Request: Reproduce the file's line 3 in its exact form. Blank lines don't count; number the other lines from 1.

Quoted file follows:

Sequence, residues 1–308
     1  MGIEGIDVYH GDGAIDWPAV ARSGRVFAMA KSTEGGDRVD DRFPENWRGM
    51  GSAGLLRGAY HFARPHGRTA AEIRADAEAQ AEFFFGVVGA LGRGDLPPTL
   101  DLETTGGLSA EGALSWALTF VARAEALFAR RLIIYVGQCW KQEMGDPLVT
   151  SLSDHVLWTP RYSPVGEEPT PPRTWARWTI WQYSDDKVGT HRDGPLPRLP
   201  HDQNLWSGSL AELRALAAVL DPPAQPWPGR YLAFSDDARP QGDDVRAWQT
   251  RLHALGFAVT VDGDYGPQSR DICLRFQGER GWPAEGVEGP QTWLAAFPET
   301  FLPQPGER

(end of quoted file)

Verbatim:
    51  GSAGLLRGAY HFARPHGRTA AEIRADAEAQ AEFFFGVVGA LGRGDLPPTL